What to do AFTER a Workout to Get Maximum Benefit
From Your Exercise
© 2017 Health Realizations, Inc. Update
It's somewhat instinctive to warm-up before a workout. You may jog in place a little, shake out your arms, do a few stretches, and some other movements to get your heart pumping and your body feeling loose before you exercise. After you're done exercising, however, you may be tired, and taking the time to cool down and support your body post-workout may be the last thing on your mind.
What you do AFTER your workout can mean the difference between sore muscles and fatigue, or stronger muscles and increased energy.
But as you may suspect, establishing a proper after-workout routine is incredibly important. Taking care of your body after exercise will impact your muscles (their strength and soreness), how well your exercise is received and even how much strain you put on your heart. So if you're taking the healthy step of exercising, be sure to extend it to include these simple, yet essential, after-workout tips.
Stretch Right After Your Workout
According to the Mayo Clinic, stretching is beneficial both after your warm up and before your cool down session, but if you only have time to do it once, you should do it after your workout, before you cool down. At this time, your muscles are warm and more elastic, and stretching increases your flexibility and maximizes the range of motion around your joints. You should stretch all the major muscles groups that you used during your workout.
If it feels more comfortable to you, you can also cool down and then stretch. Some experts recommend cooling down (to slow your heart rate) first, and stretching after.
After you stretch, it's time to cool down (stretching is not all it takes to cool down). During the cool down, your heart, lungs and blood flow slowly return to their normal states, which is essential to reduce strain on your heart and help prevent muscle strain and soreness. It also keeps you from feeling dizzy, faint or sick after your workout.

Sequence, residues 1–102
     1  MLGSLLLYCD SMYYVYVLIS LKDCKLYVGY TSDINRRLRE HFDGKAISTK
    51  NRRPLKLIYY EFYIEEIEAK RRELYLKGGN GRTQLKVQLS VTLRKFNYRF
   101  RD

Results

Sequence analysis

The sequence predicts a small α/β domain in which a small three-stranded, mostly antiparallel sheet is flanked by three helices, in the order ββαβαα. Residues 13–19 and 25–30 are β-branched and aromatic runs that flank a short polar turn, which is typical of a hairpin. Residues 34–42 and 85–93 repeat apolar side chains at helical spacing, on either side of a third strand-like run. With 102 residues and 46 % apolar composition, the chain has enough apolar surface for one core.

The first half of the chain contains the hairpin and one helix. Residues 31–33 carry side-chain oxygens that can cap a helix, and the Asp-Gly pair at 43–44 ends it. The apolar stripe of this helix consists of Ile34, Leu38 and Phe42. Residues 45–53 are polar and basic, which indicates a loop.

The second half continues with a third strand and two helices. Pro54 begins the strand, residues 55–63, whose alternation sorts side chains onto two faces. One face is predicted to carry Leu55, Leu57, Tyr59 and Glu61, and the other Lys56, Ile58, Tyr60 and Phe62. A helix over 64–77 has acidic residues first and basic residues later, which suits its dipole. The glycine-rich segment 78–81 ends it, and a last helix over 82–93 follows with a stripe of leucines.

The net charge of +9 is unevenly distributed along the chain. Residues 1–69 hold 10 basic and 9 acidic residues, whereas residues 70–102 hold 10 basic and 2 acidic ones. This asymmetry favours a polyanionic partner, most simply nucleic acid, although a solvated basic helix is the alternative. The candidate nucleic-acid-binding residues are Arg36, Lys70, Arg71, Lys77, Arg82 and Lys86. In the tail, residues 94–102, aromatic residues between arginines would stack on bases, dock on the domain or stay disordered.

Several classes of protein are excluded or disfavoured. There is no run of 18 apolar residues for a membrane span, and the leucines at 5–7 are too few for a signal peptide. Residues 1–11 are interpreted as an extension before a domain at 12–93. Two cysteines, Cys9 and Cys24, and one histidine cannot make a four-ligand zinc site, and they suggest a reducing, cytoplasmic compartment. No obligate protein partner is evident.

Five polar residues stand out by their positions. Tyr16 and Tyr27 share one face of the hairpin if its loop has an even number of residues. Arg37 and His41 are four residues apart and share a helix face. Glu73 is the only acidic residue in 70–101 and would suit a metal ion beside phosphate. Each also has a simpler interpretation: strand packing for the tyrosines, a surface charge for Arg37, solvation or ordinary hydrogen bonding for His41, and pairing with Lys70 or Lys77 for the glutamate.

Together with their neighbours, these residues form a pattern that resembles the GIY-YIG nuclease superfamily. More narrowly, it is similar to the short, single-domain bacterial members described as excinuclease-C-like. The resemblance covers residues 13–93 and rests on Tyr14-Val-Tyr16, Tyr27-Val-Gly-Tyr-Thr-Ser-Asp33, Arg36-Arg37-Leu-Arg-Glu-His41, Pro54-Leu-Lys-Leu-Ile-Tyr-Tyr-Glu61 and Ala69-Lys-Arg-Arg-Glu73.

To cool down, you should slow your aerobic activity down to a level that allows your heart rate to gradually decrease. A five-minute walk on a treadmill, for instance, works well.
How High do You Prioritize Your Health, Really?
We all know how important it is to stay healthy by eating properly, exercising, getting enough sleep, drinking enough water, and more. But knowing something intellectually and actually living it out in your day-to-day life are two very different things.
You know it's important to drink water during your workout, but it's just as important to stay hydrated afterward as well. Experts typically recommend drinking an additional two to three cups of water within two hours of finishing your workout. You should then keep drinking water regularly, as even if you don't feel thirsty it's still quite possible to be dehydrated.
Eat a Mix of Protein and Carbs
Though exercise is extremely beneficial, it does take a lot of effort on your body's part. After your workout, it's important to repair your muscles and replenish your glycogen stores for energy.
Most experts recommend eating something within 90 minutes of finishing your workout, but sooner is better. What should you eat? Ideally, a mixture of high-protein and complex carbohydrate foods. The protein helps repair muscles while the carbs will help give you energy. Some examples of healthy, post-workout foods include a tuna sandwich on whole-wheat bread, nuts and fruit, yogurt or cheese and whole-grain crackers or raw veggies.
Eating a combination of protein and carbs after exercise may also help to reduce muscle soreness, according to a study published in the International Journal of Sport Nutrition and Exercise Metabolism. Thirty minutes after finishing a workout, exercisers were given either a drink containing 6 percent carbs, 10 percent carbs or 8 percent carbs plus 2 percent protein. Those who drank the carb/protein beverage reported feeling only half as sore as those who had the carbs-only drinks.
So next time you exercise, remember that your workout isn't complete until you've done these simple post-workout tips. They'll ensure that you get the maximum benefits from your exercise, with a minimum of strain to your body.
Eat a mix of protein and complex carbs
The "How To" of Stretching: Tips for Stretching Effectively and Enjoyably